Archive for March, 2009


National Conference for Campus-Based Men’s Gender Equality

18 March 2009

The first National Conference for Campus-Based Men’s Gender Equality and Anti-violence Groups happens this November 6-7, 2009 at St. John’s University (MN). Various profeminist, egalitarian groups have been meeting at the Men and Masculinities Conference for decades, but this conference marks a fresh attempt to show a unified front of these sub-movements. Key scholars, including the likes of Michael Kaufman, Harry Brod, Jackson Katz and Michael Kimmel are helping to pull together this effort. The conference abstract:

Across the country, groups of male students are making their voices heard! More and more men are finding the courage to say “no” to ideas of manhood and relations between the sexes that aren’t good for women and aren’t good for men as well. They’re speaking out against date rape and violence against women. They support gender equality. Some work through residence life or student activities offices, others through women’s centers and counseling programs. Some are campus branches of national organizations like MVP, White Ribbon, Men Can Stop Rape, 1 in 4, or V-Men. These men face common problems: How to have an impact? How to find positive ways to get their message to other campus men? How to deal with backlash, to work in partnership with women’s groups, to recruit and sustain their groups? For the first time, campus-based pro-feminist men’s groups from across the country are meeting together. To share resources, trade their best ideas, discuss strategies, and simply find out what’s happening on other campuses.

More information can be found at  They have also issued a call for papers.

This conference strikes me as having some potential to expand the profeminist men’s movement, particularly in its attempt to express positive masculine identifiers.   The movement has had a difficult time rallying too much support in the past, in my opinion, because it has defined masculinity in so many negative terms: against sexism, against rape, against discrimination, against homophobia, etc.  Fighting for equality has been their theme, of course – but how is this a gendered identity?  How do men struggle, how are men struggling for equality in a different way than women?  Perhaps some of the men will be able to engage the nature-arguments and yet say, “Our masculinity is to fight a distinct war within the baser, inherent tendencies among men.”  Perhaps at this conference some truly brave men will be able to say, “Look, guys, we can’t avoid developing some kind of masculinity, even a masculinity vis-a-vis women, so let’s start working towards some healthy concepts of equality-in-distinction.”  Perhaps.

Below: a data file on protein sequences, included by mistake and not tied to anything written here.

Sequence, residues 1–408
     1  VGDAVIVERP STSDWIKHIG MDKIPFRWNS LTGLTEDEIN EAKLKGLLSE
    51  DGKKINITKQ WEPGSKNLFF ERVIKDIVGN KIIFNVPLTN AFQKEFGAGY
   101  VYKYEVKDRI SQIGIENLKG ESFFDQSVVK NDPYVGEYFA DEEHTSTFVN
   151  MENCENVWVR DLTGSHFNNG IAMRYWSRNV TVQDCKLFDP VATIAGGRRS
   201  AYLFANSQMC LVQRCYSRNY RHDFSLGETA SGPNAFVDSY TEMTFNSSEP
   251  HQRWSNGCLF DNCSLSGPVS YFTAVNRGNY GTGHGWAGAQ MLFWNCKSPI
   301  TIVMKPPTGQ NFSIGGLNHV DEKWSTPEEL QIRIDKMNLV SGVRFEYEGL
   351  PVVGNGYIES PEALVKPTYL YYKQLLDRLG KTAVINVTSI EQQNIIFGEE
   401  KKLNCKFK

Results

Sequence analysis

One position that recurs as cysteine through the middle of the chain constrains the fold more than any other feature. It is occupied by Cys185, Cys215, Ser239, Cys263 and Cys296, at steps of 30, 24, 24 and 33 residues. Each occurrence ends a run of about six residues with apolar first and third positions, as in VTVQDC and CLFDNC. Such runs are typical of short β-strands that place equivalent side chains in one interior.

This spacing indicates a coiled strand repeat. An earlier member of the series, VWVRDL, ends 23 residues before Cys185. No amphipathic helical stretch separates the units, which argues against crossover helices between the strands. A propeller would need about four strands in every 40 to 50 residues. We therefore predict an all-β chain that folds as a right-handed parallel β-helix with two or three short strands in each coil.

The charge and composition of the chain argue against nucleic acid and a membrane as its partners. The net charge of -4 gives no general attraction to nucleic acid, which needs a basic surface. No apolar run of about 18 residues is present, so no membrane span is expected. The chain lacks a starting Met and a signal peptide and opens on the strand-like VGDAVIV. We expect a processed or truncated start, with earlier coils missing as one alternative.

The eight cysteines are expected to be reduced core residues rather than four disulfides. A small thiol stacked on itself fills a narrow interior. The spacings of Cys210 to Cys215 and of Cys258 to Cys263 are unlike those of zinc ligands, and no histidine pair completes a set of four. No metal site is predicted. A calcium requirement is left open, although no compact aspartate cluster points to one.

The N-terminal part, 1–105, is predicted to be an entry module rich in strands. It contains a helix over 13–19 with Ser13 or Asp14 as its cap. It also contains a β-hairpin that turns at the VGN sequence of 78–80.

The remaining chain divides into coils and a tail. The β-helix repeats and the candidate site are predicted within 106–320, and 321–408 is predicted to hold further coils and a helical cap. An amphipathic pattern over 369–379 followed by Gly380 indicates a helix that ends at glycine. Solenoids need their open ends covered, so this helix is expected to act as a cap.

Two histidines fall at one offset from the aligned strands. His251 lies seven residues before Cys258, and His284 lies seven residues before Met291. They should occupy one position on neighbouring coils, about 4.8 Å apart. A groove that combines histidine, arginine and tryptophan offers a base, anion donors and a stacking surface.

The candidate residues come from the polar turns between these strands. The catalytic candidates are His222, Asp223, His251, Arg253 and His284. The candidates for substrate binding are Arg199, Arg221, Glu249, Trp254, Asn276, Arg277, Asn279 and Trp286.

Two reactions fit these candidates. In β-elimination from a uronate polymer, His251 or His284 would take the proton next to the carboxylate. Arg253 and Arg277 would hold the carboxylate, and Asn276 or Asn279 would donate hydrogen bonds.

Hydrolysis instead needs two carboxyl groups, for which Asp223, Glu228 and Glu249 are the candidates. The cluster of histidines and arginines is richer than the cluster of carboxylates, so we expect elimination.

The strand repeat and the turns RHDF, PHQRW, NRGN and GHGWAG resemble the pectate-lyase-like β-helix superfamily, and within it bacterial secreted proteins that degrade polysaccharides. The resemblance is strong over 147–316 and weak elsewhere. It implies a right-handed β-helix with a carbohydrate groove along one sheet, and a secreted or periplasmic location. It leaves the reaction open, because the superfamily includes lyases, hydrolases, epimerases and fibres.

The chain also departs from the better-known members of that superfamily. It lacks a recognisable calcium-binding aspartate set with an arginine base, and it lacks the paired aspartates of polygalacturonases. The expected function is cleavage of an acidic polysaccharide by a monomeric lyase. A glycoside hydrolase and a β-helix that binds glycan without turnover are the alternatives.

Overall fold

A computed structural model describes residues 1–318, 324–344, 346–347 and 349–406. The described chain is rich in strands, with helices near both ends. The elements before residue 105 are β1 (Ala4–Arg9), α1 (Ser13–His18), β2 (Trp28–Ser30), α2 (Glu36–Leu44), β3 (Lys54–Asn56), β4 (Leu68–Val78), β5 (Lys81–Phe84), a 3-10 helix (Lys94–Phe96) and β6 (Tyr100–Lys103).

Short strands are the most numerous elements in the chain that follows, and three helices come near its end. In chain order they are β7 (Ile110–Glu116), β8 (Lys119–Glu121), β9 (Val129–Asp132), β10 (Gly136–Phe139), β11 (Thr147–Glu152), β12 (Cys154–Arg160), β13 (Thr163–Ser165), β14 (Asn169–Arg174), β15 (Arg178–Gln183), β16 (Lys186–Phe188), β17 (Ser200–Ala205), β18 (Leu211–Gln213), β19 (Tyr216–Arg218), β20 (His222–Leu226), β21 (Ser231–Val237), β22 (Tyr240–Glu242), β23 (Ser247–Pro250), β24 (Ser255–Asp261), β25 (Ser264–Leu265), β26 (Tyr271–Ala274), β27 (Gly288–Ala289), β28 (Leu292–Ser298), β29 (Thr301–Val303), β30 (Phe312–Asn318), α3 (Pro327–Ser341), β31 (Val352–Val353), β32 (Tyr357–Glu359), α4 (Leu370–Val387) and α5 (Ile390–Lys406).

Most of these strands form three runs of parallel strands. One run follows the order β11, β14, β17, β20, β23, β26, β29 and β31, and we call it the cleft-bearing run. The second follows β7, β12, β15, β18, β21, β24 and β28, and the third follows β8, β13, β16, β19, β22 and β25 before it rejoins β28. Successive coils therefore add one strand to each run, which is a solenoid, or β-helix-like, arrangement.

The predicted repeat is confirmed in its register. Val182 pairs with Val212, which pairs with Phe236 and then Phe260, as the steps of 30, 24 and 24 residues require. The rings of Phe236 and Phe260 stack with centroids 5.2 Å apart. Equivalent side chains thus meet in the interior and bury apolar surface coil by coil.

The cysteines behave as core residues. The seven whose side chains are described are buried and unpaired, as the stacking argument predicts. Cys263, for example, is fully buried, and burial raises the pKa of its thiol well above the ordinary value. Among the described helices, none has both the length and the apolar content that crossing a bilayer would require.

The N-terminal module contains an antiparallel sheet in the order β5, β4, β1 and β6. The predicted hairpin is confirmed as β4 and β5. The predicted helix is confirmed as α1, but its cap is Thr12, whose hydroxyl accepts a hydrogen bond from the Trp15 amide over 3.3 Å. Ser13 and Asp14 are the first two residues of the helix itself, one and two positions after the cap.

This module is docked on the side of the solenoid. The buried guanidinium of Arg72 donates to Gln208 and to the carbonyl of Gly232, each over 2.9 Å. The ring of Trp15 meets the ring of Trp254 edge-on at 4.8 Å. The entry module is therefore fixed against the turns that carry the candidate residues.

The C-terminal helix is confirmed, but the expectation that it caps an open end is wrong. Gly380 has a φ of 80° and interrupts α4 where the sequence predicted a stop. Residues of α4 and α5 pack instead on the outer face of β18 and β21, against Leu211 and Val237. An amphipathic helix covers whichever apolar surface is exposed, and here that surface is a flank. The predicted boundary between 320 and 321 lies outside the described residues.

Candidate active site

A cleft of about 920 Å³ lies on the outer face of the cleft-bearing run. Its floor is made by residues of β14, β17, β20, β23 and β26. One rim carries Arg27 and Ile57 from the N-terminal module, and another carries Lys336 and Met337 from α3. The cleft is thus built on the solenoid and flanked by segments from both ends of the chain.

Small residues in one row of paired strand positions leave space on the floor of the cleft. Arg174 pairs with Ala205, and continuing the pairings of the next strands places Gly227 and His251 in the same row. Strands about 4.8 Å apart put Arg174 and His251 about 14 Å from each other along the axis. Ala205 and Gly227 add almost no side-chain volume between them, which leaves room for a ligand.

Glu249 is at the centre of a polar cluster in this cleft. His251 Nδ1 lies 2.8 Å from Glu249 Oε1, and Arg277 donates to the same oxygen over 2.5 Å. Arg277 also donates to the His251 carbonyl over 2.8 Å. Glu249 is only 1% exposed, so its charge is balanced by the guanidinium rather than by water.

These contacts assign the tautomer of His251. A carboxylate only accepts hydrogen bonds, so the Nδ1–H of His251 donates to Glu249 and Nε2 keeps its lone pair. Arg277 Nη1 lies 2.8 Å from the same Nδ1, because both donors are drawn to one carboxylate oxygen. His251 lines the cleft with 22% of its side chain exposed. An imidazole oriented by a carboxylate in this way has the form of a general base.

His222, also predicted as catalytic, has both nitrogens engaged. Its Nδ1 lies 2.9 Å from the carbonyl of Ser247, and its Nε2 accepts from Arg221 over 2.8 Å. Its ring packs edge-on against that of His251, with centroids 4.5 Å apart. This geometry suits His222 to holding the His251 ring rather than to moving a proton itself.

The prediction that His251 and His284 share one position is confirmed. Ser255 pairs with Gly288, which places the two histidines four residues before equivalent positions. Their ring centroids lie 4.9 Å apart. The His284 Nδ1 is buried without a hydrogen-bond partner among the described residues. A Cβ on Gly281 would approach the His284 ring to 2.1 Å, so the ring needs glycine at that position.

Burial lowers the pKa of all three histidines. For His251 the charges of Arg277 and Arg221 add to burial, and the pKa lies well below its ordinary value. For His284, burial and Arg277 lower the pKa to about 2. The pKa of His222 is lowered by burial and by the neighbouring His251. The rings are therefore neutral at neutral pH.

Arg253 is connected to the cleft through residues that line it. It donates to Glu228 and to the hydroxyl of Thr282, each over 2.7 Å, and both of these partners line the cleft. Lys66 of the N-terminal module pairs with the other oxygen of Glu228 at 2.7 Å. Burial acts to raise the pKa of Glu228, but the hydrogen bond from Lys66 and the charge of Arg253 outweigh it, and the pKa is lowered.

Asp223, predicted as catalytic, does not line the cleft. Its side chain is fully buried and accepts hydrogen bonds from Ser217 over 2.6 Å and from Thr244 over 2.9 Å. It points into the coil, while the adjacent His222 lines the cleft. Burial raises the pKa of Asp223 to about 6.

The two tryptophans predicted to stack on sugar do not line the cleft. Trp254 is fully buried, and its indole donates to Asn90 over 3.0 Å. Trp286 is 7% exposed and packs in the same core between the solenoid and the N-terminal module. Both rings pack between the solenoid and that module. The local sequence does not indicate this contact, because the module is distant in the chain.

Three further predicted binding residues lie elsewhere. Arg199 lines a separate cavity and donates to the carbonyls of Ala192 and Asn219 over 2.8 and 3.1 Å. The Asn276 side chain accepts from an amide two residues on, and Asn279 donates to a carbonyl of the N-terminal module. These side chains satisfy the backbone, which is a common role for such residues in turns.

“If You Leave Me, I’ll Die”: Emotional Dependence on Women

10 March 2009

I find it strange that our society perpetuates the myth that men aren’t emotionally attached.  It seems to go hand in hand with the way we find it permissible for a girl to be “boy-crazy,” but for boys, only “sex-crazed.” 

In reality, boys and men have intense feelings of emotional dependence on women.  Consider that a recent study (Peggy C. Giordano et al., “Gender and the Meanings of Adolescent Romantic Relationships: A Focus on Boys,” American Sociological Review 71 [Apr 2006]: 260-87) found that male adolescents reported similar levels of commitment to their girlfriends and substantially less confidence in navigating and controlling aspects of the relationship.  I do not know of a study of boy suicides related to this, but I find it frightening that husbands commit suicide ten times more often when their wives die than when the converse occurs (see Warren Farrell, The Myth of Male Power, 169).  Should we be surprised that widowers and male divorcees remarry at a much faster rate than women?  For all their ascribed independence, men are literally dying to be in a relationship.

couple_needsThe primary reason for this, I believe, is that men have not been given the resources to establish, maintain and express intimacy.  They are taught from a young age that emotional intimacy is inappropriate for a man unless it is directed towards a woman (mothers and wives especially).  Even a man’s “best friend” may only provide a few minutes of deeply emotional conversation – and maybe a hug if they’re both drunk.  Women, in contrast, have practiced their emotions much more openly, and often have an established circle of friends with whom to process their feelings.  But men too often have only one emotional confidant: their wives.  Their wives are the only outlet for emotional release and coitus is the centerpiece of this catharsis. 

A final comment, about wives’/girlfriends’ mixed responses to men’s support groups.  Sometimes women feel threatened by these group affiliations, whether they be AA-style recovery meetings, ManKind Project I-Groups, or church sponsored studies.  The fear is that these groups are being used to foster antipathy toward women, or detracting from personal or family time.  In a few cases this may be the case.  But I would challenge a woman to ask herself if she feels threatened in large part because her man is acquiring emotional resources from a venue outside herself.  More than that, I can say from personal experience that I come home much happier and more in love with my wife after a men’s group meeting.  Breaking the cycle of desperate compulsion for catharsis, a support group can provide skills and generative energy for a man to bring home with him.